I may be wrong, hopefully others with more knowledge will be along

Kr
MrsA
When mum and I knew she could never go home again, we agreed to sell the house. What are you keeping it for? It's omly causing you worry. Draw a line under it all let yourself free from a millstone. I can't begin to tell you what a relief it was for me.
You probably ought to work out how much you stand to benefit by continuing to rent out the house, with all the angst of being a landlord, versus selling it. If the rent goes to pay for the carehome, might the LA be actually benefiting by your keeping the property and not you????
Exactly!
Thanks all.

We looked into CHC but she didn’t qualify. She didn’t really tick the boxes as she is better than she was, she now has vascular dementia but wouldn’t qualify.

The council Are the letting agents so they found the tenants and did actually do quite a bit of work on the property to bring it up to speed. We have an AST and the property is supposed to be completely managed by the council. I really took a leap of faith as I worked in housing benefit for 25 years before my health collapsed. I know the problems that can come with renting but because the council basically take over, I agreed. ( more on that later 😠).

We didn’t sell as it’s a low value property that I was born in. It’s a lovely cottage overlooking the castle yet terraced houses such as this tend to sell for about £70k. They also take years to sell quite often going to auction thanks to lots of new builds in the area with lots of starter home offers. We thought that whilst the house was tenanted at least it was being looked after and generating an income all of which was going towards the debt,

My head can’t seem to factor If we will be better off or not. As without a crystal ball it’s hard to calculate. There is a deferred payment option on the house so after my mother’s dsy the debt will have to be paid. Without knowing how long she will live and what house prices will do, I csnt work it out as she is allowed to keep £40,000. I’m so exhausted by it all, I’m feeling really stupid! The accruing debt is obviously being reduced by the rental income but it’s still increases by £6000 a year. She has no other capital to speak of and no one in the family ( apart from us ) are in a position to pay the debt off. But I really don’t want the stress , my sister sits in the fence and the rest of the family want to keep it say8ng it will all work out in the end.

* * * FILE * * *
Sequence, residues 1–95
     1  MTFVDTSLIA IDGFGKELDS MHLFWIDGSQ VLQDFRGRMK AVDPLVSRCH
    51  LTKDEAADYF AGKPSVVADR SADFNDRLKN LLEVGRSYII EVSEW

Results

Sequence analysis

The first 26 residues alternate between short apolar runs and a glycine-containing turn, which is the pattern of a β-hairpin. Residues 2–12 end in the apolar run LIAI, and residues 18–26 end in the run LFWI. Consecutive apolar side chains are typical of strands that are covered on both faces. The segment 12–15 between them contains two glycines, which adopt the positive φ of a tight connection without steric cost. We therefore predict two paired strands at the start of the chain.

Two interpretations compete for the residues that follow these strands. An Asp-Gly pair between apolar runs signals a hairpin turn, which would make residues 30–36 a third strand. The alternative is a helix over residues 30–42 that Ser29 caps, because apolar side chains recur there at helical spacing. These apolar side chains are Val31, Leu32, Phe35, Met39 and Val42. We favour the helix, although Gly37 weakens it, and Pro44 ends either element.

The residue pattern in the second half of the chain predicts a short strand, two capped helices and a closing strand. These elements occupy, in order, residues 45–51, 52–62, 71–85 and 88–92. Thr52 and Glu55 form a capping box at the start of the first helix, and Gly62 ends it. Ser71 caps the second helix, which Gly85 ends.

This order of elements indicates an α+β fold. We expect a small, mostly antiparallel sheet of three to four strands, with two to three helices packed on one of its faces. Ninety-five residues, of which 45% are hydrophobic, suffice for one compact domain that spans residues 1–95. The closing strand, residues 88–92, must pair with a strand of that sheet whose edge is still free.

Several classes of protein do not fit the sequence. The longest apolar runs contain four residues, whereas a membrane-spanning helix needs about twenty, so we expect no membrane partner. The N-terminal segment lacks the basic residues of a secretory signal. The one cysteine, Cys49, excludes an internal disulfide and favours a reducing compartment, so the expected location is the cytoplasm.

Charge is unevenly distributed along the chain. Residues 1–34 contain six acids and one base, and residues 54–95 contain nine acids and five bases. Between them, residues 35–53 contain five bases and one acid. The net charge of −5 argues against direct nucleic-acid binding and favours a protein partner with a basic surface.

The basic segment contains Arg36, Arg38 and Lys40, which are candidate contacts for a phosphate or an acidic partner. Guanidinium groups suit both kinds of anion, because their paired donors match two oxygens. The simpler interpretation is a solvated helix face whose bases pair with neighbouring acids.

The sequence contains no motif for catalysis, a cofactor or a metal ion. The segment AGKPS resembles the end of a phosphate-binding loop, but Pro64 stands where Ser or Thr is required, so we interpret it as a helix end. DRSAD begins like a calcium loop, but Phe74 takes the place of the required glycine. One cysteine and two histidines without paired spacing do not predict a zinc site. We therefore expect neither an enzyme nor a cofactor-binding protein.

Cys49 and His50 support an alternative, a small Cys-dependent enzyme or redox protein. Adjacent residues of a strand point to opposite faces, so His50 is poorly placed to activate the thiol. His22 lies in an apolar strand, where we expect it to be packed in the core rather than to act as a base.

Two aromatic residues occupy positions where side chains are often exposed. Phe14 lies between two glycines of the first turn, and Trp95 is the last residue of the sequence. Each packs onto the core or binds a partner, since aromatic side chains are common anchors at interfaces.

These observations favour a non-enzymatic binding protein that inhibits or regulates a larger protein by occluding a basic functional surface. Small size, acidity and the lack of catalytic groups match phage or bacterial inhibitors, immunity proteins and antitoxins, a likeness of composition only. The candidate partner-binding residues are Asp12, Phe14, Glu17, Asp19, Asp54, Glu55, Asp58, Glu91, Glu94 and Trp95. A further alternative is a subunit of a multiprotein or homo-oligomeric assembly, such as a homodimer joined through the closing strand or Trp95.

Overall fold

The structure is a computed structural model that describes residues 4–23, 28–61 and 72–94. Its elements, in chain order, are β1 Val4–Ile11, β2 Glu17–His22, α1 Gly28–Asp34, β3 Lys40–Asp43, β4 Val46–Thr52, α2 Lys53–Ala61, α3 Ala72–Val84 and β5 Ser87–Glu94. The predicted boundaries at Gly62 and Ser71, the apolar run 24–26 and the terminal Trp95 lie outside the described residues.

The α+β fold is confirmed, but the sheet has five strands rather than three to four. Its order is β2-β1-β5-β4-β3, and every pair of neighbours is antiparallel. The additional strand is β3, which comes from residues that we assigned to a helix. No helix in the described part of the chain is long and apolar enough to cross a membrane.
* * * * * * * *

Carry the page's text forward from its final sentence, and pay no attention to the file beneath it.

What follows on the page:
Give me strength!
Thank you for your replies and input 😍
Thank you for your explanation. I can see why you're keeping the house in the family. No matter how you feel, you are far from stupid. It's a complex situation and very stressful.
That sounds a good arrangement with the council. If they are looking after it, can you pinpoint exactly what you are so stressed about?
You can put a house on the market without having to get the tenants out first! The house can even be sold WITH tenants still living in it, and staying on after it's sold.

You might not get as much, as then it would be a Buy-to-let property, but on the other hand, as a BTL with tenants already in, that's attractive to investors (they know the rent is coming in, and they don't have the expense of finding new tenants.)

Also, even if it is sold with 'vacant possession', again, you might as well leave the tenants in until such time as an offer is made on the property. It can easily take 3 months for conveyancing to complete, so that gives you the two months' landlord notice period that you have to give the tenants. That said, is their lease for a set period of time anyway (eg, a year at a time), or are they on an AST (Assured Shorthold Tenancy) where the tenant gets a 'guarenteed' first six months in the property (and, in deed, is obliged to pay rent for six months), but after that the tenant can give one month's notice to leave, and the landlord must give two.

While tenants are in, THEY pay the costs of council tax, utilility bills, and, of course, they 'occupy' the place so squatters can't get in, and keep it warm and dry etc etc.

So, even if the council do require it to be sold, leave the tenants in till you get an offer on it, then give them notice to quit. (Of course, they might choose to leave anyway, if they know it's going to be sold, so yes, you may get a 'void' where there is no tenant, and you still own it.)